Beauty and the Pope
Pope Benedict XVI did not address any previous tension that the church has had with contemporary art or artists such as Andres Serrano, Martin Kippenberger, Chris Ofili, but instead chose to focus on encouraging artists to strive toward artistic production centered around beauty with statements including:I truly wish I could separate out my resentment toward this Pope for his dangerous homophobia from these statements. But, alas, I can't. He has again and again proven himself to be extraordinarily hostile toward my people and a love that I personally find the most beautiful thing in the universe. So we're not going to ever agree on what constitutes "beauty" anyway. (Indeed, the Pope warned the artists assembled to guard against "seductive but hypocritical'' beauty that creates "indecency, transgression or gratuitous provocation.'' ) Sigh.
"What is capable of restoring enthusiasm and confidence, what can encourage the human spirit to rediscover its path, to raise its eyes to the horizon, to dream of a life worthy of its vocation - if not beauty?"
"The experience of beauty does not remove us from reality, on the contrary, it leads to a direct encounter with the daily reality of our lives, liberating it from darkness, transfiguring it, making it radiant and beautiful."
He told artists, "You are the custodians of beauty: thanks to your talent, you have the opportunity to speak to the heart of humanity, to touch individual and collective sensibilities, to call forth dreams and hopes, to broaden the horizons of knowledge and of human engagement."
So I'm not sure how valuable my visceral response to this would be to anyone else. (For example, knowing the Pope had been indoctrinated as a conscripted Nazi Youth, and knowing that even should he think he had fully examined and thoroughly rejected that education, it's difficult to imagine some more abstract thinking learned then doesn't still inform his worldview, and so my tendency here would be to keep in mind how "Hitler believed that modern art was in conflict with the eternal values of beauty and therefore could only lead to a decline of civilization" and that, as Tobin Siebers wrote, "Hitler used 'beauty' to refer almost exclusively to the healthy, Aryan body.")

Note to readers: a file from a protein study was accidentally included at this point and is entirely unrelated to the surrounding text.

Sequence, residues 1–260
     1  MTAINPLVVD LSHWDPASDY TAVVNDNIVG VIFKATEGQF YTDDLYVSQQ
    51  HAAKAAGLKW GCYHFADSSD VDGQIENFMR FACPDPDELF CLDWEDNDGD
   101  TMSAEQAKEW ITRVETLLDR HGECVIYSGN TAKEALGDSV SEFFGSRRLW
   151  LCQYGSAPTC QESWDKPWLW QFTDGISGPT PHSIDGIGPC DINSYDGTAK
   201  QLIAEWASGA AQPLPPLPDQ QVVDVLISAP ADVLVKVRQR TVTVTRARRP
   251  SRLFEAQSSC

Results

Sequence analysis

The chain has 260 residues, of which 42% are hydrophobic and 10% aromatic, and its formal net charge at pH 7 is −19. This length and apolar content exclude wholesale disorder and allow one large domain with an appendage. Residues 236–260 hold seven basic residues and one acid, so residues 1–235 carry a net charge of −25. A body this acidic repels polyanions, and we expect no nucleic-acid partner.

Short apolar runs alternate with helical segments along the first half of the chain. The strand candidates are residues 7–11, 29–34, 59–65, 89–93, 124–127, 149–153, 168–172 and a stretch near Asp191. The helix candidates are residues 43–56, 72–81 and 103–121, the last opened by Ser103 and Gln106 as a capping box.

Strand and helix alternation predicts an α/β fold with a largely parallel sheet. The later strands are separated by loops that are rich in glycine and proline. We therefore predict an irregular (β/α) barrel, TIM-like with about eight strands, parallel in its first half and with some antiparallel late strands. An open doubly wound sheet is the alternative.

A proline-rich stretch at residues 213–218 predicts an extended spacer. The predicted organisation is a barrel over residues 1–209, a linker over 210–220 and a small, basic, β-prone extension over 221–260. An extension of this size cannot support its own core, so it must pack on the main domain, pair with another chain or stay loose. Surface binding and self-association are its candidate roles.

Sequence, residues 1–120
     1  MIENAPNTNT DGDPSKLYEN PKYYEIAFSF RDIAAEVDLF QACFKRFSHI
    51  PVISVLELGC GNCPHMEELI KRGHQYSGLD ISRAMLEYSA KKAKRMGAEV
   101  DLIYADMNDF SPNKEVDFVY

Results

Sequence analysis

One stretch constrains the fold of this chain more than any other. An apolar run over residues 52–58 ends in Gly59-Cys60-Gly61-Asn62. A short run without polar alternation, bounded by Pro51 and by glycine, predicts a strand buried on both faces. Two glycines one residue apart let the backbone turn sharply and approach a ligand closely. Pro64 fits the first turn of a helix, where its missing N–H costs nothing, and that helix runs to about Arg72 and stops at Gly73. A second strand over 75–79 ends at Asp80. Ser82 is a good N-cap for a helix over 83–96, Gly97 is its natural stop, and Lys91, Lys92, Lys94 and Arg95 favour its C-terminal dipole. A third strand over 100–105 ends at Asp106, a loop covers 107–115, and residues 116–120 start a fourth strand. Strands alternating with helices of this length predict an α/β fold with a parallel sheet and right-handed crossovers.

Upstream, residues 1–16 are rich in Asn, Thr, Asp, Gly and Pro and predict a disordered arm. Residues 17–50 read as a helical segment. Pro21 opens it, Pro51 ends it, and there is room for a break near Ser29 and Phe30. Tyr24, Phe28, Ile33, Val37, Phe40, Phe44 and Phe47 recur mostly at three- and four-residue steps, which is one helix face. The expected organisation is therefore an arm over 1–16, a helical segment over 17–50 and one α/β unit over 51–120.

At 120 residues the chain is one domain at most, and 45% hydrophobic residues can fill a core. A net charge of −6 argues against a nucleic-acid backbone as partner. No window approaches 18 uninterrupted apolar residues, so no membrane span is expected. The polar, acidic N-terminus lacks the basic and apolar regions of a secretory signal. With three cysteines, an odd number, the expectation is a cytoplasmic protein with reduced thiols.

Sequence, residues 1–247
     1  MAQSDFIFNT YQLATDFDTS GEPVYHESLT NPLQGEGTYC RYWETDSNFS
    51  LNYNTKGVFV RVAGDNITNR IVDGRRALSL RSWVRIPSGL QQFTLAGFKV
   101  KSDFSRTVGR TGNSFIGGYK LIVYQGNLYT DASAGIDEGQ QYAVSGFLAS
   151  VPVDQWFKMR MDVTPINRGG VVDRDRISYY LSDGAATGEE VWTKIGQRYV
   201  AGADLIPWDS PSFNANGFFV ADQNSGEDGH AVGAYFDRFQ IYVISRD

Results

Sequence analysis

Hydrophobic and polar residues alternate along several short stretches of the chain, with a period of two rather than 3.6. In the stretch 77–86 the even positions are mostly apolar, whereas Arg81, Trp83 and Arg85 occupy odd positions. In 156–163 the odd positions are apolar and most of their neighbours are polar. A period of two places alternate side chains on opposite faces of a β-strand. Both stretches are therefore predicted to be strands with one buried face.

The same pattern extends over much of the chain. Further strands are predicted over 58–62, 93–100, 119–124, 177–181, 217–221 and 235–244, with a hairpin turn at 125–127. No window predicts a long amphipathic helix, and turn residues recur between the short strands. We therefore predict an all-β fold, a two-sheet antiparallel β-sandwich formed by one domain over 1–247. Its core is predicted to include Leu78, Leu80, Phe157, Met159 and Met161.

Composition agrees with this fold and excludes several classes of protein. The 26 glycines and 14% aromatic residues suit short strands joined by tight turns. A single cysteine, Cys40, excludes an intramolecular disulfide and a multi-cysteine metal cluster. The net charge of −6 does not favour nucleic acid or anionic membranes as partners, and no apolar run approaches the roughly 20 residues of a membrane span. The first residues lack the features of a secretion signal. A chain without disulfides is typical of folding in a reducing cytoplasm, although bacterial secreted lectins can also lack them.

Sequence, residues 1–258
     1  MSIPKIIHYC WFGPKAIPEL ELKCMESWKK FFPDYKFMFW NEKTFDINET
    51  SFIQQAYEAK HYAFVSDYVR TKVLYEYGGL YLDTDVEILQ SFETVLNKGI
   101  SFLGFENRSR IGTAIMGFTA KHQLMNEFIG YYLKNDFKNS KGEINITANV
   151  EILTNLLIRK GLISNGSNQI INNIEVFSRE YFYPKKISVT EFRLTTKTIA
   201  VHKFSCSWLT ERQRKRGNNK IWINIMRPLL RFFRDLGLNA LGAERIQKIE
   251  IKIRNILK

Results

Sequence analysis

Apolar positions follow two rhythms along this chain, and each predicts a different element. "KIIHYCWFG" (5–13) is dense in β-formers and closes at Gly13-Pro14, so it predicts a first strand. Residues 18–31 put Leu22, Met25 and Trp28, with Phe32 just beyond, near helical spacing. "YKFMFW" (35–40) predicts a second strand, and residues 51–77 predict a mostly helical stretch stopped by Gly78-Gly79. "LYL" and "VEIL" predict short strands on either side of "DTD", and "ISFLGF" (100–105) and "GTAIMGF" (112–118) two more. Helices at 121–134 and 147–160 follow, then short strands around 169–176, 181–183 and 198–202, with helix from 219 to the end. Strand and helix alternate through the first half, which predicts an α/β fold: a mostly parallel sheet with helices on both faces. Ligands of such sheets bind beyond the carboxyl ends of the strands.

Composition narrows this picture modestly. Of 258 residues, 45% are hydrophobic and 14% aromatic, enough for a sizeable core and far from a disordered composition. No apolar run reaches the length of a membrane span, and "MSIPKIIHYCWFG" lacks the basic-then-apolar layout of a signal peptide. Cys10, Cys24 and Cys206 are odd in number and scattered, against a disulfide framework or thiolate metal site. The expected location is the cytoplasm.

Which, of course, would be an ungracious tangent. (But would still be my gut reaction all the same.)
Therefore, knowing that I'm not an objective observer of this Pope's teachings, I thought I'd tour the Internets for a few responses from other quarters. Most reports didn't do much more than quote the Pope, but a few commentators have weighed in with responses that range from the snarky to the profound.
The L Magazine's Benjamin Sutton quipped, in an article titled "Pope Benedict XVI to Artists: 'Why can't you just make nice, pretty things?'"
So, I guess what he's saying is that we're still in the Renaissance. Artists: if you want to get into heaven, start painting landscapes with beautiful horizons and pretty clouds (angels and hands-of-god optional)Raymond Learsy had the sort of response I only wish I could summon (read the whole thing):
In general, I see the Catholic Church reaching out to artists in a way that's not condescending as a wonderful advance. In fact, as artdaily.org reports:
It is both ironic and sad that the Pope should speak almost at the moment of the passing of a great artist and visionary, Jeanne-Claude who together with her husband Christo collaborated on what was perhaps the greatest, most wonderful, and most healing art project since the end of World War II, an example of what art can do for a nation and its people.[...] The work, "The Wrapping of The Reichstag" (1995) probably more than anything else brought East and West Germans together.
In a sign of efforts at reconciliation, the Vatican has said it will participate in the 2011 Venice Biennale, one of the world's major art festivals held every two years.I'll keep my eyes and ears open for dangerous definitions of "beauty" but aside from that must commend the Vatican on what seems a mature and sincere outreach.